I was floored. Since when did my cousin do that? To Kinomoto Sakura, of all people?
Then I remembered that the teen in front of me was not my rebellious, outcast best friend, but a multi-million dollar recording artist. She was the same Sakura, but at the same time, she wasn't.
“I believe some introductions are needed,” the girl said, giving each of us a calculating look. “After all, I can't call you guys 'you with the hair' all night long.”
Sakura sighed and gave the girl a look. “Ayame, that was a lame attempt at sarcasm.”
She sounded just like the Sakura I knew. I worried for a moment that Syaoran would figure out her identity by the end of the evening.
“Sakura, not everyone has your gift of instantaneous sarcastic comments. Those of us without must make every attempt to build their own skill,” the Ayame girl answered with a flippant toss of her ash blonde hair.
“Tsukishiro Ayame, at your service. I'm the manager for Sakura Athene over here on my left. As you can see, we get along very well.”
I was shocked—so was everyone else, I think. I couldn’t believe I didn’t recognize Sakura’s cousin right away. Ayame was only three years older than us and I saw her often during my childhood. The last time we had seen Sakura Athene’s manager, it was when she judged the performing arts competition. She seemed so much older than her twenty years then.
“We don't get along at all,” Sakura grumbled.
Ayame reached over to clamp a hand over the girl's mouth. “Ignore her; she doesn't know what's good for her. After all, that's why I'm her manager and she's the singer.”
Eriol, amused by her bluntness, offered her a hand. “Hiiragizawa Eriol, Tsukishiro-san. It was kind of you to invite us.”
“Tsukishiro-san is someone else. Please, call me Ayame. After all, my brother is here as well and he's also Tsukishiro-san.”
Eriol nodded and gave her one of his unreadable smiles. “To my right is Daidouji Tomoyo, but you already know her. And to my left is my cousin, Rae Meiling. Meiling once told me she met you before.”
I silently damned Eriol’s excellent memory. Reaching over Eriol to shake her hand, I gave him a dirty look before flashing her a smile. Ayame took it and said, “Rae Meiling? You're the gymnast my grandfather sponsors, right?”
“Your grandfather?” I echoed tonelessly. What was she talking about? Wasn’t it Sakura’s grandfather who sponsored me?
“Yes, he's the owner and CEO of Amamiya Corp, your primary sponsor. He's related to me through my mother's side,” Ayame answered.
She turned to Syaoran and asked, “And who might you be, fine... young... gentleman who... refuses to give me his name?”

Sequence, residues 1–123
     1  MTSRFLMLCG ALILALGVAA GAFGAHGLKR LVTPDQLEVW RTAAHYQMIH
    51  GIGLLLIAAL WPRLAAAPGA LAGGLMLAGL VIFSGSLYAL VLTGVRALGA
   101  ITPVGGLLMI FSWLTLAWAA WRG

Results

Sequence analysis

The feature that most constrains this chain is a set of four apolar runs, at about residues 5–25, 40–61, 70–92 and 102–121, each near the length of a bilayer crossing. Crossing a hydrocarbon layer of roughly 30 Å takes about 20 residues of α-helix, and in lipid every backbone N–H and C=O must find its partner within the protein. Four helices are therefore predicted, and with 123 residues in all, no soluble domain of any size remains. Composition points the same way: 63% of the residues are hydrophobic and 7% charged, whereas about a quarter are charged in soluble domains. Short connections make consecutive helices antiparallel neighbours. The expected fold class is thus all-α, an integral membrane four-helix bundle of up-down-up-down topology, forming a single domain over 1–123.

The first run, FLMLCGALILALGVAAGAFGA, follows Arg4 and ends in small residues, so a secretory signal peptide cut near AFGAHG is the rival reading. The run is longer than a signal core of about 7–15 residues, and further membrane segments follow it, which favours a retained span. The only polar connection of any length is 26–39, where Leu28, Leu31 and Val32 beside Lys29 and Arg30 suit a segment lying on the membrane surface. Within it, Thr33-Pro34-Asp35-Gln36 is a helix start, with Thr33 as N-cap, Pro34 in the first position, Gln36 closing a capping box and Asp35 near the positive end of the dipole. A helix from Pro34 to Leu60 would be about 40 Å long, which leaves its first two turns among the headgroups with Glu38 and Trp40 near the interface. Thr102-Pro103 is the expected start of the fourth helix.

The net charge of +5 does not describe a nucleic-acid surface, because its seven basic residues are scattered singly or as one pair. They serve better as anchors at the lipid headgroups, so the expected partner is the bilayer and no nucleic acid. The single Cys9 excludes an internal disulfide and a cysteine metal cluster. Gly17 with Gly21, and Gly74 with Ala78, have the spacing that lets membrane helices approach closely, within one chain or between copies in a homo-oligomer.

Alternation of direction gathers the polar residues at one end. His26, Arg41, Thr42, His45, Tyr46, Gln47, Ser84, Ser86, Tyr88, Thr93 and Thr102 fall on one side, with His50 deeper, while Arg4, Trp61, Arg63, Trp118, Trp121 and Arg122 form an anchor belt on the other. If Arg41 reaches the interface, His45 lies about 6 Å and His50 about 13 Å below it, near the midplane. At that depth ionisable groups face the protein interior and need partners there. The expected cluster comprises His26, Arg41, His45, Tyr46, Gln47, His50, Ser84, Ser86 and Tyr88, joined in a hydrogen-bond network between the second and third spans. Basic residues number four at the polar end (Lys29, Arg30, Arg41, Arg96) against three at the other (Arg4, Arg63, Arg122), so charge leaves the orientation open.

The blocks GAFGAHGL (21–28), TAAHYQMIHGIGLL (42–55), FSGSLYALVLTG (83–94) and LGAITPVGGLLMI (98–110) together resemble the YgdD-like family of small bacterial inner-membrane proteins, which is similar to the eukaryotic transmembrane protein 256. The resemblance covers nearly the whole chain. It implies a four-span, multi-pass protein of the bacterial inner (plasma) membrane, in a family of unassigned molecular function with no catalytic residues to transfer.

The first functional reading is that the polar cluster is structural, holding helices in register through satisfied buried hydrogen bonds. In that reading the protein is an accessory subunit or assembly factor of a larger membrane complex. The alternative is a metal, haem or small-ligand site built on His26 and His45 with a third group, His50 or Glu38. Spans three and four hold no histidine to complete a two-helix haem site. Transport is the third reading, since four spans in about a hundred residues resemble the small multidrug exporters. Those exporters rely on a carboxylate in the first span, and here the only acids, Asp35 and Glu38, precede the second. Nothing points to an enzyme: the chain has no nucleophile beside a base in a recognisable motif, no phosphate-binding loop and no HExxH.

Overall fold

“Ayame you're being ridiculous,” Sakura muttered, hiding behind her menu.
I eyed Syaoran, prompting him with my eyes to answer.
“Li Syaoran, Ayame-san. I'm no one important,” he said at last, shaking her hand.
“No one important, my ass. I'll bet you five grand you’re related to Rae over here and that you're the heir to Li Publishing.”
I was stunned—so was everyone else around our side of the table. She knew exactly who we were. Someone had done her homework.
“My uncle publishes with you guys in your archaeology journal,” Ayame explained to answer the silence.
Syaoran nodded and his eyes strayed to Eriol's and mine. I gave him a look, one that clearly reminded him to be careful of what he said. Mentioning the Li publishing house was equivalent to initiating a business deal. Anything that Syaoran and I did that night would leave an impression and impact future publishing deals.
“But enough of that!” Ayame waved her hand. “Let's enjoy dinner first!”
It was the dessert and coffee course of dinner. By now, it was about eight o'clock and the main seating area of the restaurant was completely filled with people.
“To business, Tomoyo-san?”
I smiled to myself. Ayame was good. By addressing me by my first name, Ayame established an equal connection between the two of us. We were now business partners; with any luck, by the end of the night, that connection would be legally binding and without a doubt.
I pulled out the manila folder from the bag I brought with me. I handed her a copy of the packet I made, complete with full color sketches, materials list, and even a schedule of dates when each outfit could be worn during the summer tour.
“That's a lot of work you've done, Tomoyo-san. I only expected rough sketches but you've exceeded my expectations,” Ayame commented after scanning the packet.
I handed a pile of papers to Eriol and quietly instructed for him to pass them out to everyone around the table.